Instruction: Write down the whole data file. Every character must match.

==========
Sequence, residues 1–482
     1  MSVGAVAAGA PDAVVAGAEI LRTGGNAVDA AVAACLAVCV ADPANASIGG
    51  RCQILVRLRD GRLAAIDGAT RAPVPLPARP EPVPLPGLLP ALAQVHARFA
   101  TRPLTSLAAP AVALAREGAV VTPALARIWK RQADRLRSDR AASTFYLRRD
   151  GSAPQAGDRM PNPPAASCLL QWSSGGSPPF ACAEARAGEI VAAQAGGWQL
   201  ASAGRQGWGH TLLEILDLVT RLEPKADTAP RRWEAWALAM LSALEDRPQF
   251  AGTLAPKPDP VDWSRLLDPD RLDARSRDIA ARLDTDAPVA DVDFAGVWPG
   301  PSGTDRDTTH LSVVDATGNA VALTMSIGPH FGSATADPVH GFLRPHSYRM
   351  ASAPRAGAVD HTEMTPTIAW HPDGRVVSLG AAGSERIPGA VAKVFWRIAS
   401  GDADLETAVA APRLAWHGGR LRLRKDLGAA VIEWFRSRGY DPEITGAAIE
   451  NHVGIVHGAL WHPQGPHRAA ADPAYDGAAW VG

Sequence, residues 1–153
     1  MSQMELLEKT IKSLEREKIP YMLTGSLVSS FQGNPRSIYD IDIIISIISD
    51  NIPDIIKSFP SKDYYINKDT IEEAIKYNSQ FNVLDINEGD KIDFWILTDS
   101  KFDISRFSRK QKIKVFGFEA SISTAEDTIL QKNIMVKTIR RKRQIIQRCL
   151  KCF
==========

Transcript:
Sequence, residues 1–482
     1  MSVGAVAAGA PDAVVAGAEI LRTGGNAVDA AVAACLAVCV ADPANASIGG
    51  RCQILVRLRD GRLAAIDGAT RAPVPLPARP EPVPLPGLLP ALAQVHARFA
   101  TRPLTSLAAP AVALAREGAV VTPALARIWK RQADRLRSDR AASTFYLRRD
   151  GSAPQAGDRM PNPPAASCLL QWSSGGSPPF ACAEARAGEI VAAQAGGWQL
   201  ASAGRQGWGH TLLEILDLVT RLEPKADTAP RRWEAWALAM LSALEDRPQF
   251  AGTLAPKPDP VDWSRLLDPD RLDARSRDIA ARLDTDAPVA DVDFAGVWPG
   301  PSGTDRDTTH LSVVDATGNA VALTMSIGPH FGSATADPVH GFLRPHSYRM
   351  ASAPRAGAVD HTEMTPTIAW HPDGRVVSLG AAGSERIPGA VAKVFWRIAS
   401  GDADLETAVA APRLAWHGGR LRLRKDLGAA VIEWFRSRGY DPEITGAAIE
   451  NHVGIVHGAL WHPQGPHRAA ADPAYDGAAW VG

Sequence, residues 1–153
     1  MSQMELLEKT IKSLEREKIP YMLTGSLVSS FQGNPRSIYD IDIIISIISD
    51  NIPDIIKSFP SKDYYINKDT IEEAIKYNSQ FNVLDINEGD KIDFWILTDS
   101  KFDISRFSRK QKIKVFGFEA SISTAEDTIL QKNIMVKTIR RKRQIIQRCL
   151  KCF